Ecological Succession

Ecological Succession

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Succession is the term used to describe changes over time in the species that occupy a particular area.

Barren land:

  • Glacier retreating and depositing rock
  • Sand being piled into dunes by wind or sea
  • Volcanoes erupting and depositing lava
  • lakes or ponds being created by land subsiding
  • silt and mud being deposited at river estuaries
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Good Pioneer species e.g Lichens can withstand hostile environments with little water or mineral ions, germinate quickly, produce a vast quantity of wind-dispersed seeds. be able to photosynthesise, be able to fix nitrogen and tolerate extreme conditions. Overtime the lichens die which add mineral ions to the soil.

This soil is more suited to other species e.g Mosses, Ferns (secondary colonisers). When these die they add their mineral ions to the soil and the layer of soil becomes thicker which is able to support small flowering plants such as grasses, daisies and dandelions (tertiary colonisers).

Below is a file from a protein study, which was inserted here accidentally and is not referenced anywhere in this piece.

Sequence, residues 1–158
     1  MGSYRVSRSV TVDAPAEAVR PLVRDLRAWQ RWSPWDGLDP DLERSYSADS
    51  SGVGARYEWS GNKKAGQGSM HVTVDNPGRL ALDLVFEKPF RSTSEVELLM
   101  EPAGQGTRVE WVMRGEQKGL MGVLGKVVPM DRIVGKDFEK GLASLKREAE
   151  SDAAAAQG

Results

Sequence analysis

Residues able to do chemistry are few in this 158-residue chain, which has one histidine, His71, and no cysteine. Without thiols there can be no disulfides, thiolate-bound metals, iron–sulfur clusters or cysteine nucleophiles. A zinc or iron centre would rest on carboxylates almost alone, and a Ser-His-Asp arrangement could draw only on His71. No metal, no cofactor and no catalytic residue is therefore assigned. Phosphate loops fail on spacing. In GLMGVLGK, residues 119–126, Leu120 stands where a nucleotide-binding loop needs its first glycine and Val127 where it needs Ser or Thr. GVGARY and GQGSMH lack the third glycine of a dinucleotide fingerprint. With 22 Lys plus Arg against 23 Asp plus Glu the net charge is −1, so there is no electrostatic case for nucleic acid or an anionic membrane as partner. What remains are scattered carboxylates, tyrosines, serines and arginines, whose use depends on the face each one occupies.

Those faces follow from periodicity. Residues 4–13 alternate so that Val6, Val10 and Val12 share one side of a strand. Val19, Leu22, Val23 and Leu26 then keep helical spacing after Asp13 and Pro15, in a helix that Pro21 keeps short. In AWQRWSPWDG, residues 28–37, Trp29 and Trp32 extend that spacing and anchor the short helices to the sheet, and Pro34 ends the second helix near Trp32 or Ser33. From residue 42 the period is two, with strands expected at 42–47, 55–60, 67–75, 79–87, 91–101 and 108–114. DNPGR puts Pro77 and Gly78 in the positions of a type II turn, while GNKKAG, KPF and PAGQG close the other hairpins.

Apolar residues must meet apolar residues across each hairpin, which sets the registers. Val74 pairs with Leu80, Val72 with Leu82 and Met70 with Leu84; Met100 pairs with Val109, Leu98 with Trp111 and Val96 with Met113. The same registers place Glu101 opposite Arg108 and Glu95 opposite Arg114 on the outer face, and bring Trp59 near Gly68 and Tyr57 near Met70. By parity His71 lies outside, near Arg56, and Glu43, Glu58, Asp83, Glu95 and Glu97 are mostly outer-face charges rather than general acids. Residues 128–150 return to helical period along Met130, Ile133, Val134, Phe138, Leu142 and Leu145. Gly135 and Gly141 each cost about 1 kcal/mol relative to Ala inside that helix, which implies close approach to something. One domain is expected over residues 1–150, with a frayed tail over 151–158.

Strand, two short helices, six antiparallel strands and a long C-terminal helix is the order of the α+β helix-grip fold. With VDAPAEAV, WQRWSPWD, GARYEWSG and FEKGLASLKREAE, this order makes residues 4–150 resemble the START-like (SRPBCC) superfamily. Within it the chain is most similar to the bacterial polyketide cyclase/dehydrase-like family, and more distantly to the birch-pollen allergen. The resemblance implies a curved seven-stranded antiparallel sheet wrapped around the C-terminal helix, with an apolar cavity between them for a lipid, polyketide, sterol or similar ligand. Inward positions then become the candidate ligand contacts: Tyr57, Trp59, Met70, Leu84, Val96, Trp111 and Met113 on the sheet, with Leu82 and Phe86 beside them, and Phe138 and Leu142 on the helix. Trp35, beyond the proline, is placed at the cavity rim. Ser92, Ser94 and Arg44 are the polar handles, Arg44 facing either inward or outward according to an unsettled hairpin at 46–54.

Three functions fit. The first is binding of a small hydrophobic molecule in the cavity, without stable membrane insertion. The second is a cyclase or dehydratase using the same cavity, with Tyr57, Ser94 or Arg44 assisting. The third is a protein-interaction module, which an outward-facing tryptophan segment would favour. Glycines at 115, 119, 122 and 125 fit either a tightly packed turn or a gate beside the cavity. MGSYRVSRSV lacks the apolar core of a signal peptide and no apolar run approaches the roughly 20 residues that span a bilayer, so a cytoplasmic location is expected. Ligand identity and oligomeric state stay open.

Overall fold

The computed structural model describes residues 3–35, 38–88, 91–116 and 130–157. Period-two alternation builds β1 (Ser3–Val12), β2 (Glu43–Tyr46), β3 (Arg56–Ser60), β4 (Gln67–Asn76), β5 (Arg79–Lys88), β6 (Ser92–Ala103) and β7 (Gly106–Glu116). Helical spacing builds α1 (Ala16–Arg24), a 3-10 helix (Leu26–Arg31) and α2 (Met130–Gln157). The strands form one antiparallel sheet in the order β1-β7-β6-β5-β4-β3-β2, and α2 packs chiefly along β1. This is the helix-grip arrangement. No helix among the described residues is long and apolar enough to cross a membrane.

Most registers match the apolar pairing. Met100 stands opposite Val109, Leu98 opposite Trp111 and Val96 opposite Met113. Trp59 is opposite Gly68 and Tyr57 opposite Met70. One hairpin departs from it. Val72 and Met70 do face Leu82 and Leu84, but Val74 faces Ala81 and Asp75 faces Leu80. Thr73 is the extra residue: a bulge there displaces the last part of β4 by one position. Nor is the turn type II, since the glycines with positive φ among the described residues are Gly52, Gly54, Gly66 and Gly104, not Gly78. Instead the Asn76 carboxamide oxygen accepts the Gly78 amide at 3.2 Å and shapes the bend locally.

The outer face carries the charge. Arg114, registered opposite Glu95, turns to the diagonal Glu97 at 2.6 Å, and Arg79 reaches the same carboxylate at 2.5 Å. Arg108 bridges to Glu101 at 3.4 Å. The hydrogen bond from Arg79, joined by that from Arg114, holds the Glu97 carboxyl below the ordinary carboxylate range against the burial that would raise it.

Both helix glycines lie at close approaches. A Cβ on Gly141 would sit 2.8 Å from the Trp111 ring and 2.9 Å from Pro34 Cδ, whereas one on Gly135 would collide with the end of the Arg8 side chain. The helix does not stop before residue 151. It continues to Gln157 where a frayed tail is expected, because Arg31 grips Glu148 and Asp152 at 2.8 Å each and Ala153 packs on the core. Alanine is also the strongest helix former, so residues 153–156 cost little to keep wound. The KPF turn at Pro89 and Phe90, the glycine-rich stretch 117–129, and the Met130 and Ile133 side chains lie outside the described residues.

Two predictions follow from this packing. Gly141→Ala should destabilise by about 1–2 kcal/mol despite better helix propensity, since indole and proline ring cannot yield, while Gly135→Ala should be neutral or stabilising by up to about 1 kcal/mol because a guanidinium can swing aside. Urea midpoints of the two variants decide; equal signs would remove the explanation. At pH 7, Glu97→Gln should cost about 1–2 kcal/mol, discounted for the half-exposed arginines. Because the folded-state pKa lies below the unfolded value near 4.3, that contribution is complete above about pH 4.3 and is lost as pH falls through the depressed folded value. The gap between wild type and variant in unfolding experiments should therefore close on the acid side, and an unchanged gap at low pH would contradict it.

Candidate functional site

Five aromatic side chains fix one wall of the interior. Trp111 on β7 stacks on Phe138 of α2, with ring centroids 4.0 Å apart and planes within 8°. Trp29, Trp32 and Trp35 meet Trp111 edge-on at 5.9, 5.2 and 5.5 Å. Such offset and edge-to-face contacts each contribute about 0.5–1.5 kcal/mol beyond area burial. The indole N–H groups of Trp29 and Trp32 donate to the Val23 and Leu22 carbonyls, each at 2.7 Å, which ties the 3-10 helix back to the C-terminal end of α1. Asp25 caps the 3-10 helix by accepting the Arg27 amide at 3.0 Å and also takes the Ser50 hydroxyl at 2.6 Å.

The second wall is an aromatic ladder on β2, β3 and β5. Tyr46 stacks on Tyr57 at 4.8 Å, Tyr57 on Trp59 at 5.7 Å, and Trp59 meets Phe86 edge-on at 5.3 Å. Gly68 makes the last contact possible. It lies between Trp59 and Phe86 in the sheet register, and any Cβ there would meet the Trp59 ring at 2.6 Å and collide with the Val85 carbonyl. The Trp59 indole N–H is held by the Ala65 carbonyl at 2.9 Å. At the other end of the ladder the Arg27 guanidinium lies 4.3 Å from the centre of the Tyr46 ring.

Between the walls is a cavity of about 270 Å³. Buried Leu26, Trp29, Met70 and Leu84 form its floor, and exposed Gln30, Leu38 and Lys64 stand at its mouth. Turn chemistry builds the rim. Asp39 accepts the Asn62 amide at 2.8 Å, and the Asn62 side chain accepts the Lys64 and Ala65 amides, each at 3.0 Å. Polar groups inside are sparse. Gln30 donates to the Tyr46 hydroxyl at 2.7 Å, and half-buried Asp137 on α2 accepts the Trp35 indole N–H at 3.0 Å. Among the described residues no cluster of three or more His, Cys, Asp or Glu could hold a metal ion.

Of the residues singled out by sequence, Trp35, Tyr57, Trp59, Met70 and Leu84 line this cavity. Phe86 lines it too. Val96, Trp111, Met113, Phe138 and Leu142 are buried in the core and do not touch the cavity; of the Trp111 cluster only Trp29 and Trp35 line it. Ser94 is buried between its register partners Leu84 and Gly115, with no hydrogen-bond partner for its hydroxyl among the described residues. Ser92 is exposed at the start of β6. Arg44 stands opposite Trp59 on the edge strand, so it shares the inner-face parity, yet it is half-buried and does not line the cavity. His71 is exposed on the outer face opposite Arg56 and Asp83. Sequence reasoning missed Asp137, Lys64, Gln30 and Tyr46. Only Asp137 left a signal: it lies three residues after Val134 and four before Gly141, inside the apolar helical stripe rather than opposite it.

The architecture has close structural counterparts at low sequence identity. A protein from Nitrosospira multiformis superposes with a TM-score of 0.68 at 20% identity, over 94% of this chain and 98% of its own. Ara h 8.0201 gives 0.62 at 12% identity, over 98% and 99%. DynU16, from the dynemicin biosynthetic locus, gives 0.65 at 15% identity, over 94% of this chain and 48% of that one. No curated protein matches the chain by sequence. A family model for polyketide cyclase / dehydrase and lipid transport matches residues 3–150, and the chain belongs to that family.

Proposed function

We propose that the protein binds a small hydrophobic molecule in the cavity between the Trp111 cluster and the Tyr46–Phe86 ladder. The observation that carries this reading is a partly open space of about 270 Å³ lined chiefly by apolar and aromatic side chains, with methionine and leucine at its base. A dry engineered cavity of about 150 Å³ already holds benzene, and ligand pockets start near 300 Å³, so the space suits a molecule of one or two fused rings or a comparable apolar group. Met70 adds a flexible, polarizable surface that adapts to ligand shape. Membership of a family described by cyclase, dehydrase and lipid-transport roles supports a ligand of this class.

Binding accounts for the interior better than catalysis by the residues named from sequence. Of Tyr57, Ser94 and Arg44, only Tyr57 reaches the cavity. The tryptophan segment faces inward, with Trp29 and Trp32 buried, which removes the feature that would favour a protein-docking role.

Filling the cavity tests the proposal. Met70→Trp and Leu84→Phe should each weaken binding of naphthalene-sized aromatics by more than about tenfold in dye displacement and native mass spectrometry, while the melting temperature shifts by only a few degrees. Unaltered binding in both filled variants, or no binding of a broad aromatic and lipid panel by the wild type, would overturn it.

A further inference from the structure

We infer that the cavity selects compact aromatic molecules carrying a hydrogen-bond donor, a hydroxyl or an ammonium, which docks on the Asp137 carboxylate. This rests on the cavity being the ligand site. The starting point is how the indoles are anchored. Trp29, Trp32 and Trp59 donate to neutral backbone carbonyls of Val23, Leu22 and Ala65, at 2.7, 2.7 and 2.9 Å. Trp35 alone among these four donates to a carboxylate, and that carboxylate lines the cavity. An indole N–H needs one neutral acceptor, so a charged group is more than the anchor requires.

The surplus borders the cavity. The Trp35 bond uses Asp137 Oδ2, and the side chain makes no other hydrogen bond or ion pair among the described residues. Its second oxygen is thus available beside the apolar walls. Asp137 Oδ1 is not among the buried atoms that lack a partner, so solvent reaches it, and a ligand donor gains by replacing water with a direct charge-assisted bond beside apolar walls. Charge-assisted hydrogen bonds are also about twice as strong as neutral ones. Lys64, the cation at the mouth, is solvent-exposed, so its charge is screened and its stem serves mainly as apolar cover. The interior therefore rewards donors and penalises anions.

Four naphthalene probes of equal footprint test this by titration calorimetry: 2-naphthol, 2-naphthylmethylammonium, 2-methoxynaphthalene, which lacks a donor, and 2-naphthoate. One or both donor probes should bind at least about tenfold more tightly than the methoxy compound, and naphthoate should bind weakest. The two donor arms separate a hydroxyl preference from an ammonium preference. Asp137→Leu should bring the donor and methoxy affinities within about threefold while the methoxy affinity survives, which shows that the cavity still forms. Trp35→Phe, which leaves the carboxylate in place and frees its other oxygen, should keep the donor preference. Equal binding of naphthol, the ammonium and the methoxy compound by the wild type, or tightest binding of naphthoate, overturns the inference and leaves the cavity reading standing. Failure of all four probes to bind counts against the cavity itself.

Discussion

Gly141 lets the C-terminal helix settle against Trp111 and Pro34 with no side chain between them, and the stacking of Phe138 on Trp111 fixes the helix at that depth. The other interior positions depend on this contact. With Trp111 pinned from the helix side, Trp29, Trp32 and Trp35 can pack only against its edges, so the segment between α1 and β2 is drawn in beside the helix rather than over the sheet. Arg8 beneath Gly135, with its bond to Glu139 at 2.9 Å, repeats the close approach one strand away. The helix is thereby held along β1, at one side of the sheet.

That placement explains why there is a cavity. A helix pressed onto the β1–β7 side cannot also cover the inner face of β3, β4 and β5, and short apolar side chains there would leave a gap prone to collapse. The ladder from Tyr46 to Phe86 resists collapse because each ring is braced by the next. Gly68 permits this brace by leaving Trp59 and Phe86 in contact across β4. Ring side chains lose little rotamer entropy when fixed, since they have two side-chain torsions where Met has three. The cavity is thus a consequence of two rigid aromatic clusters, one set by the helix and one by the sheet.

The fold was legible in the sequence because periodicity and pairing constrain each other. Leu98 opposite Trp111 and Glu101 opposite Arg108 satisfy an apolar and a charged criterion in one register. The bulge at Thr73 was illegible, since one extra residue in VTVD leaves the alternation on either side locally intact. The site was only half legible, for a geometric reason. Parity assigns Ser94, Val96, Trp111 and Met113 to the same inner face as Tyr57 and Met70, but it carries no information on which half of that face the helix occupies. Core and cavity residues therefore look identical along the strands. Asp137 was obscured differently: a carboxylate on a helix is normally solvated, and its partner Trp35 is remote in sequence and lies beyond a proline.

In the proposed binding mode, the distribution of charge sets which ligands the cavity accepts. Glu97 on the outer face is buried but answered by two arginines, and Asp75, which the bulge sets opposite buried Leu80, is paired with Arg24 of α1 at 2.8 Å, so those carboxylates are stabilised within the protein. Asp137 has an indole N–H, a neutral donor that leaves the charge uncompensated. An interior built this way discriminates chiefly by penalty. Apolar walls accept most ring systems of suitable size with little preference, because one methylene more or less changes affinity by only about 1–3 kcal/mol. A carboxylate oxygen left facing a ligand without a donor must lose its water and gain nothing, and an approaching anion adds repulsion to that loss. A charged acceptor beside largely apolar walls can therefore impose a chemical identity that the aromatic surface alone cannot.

Scrubland is when the area becomes colonised by shrubs. The roots grow deep into the land which stabilises the soil. which mean soil is less likely to be washed away by rain and can retain more water and mineral ions. eventually scrubland will give way to trees and become woodland. This is a climax community.

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During succession:

  • A greater number and variety of habitats
  • Increases biodiversity
  • More complex food webs
  • Increased biomass
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Conservation of Habitats

Conservation is the management of the Earth's natural resources so that maximum use of them can be made in the future.

Main reasons for conservation:

  • Ethical
  • Economic
  • Cultural and asthetic

Managing succession-(Prevent change in next stage of succession)

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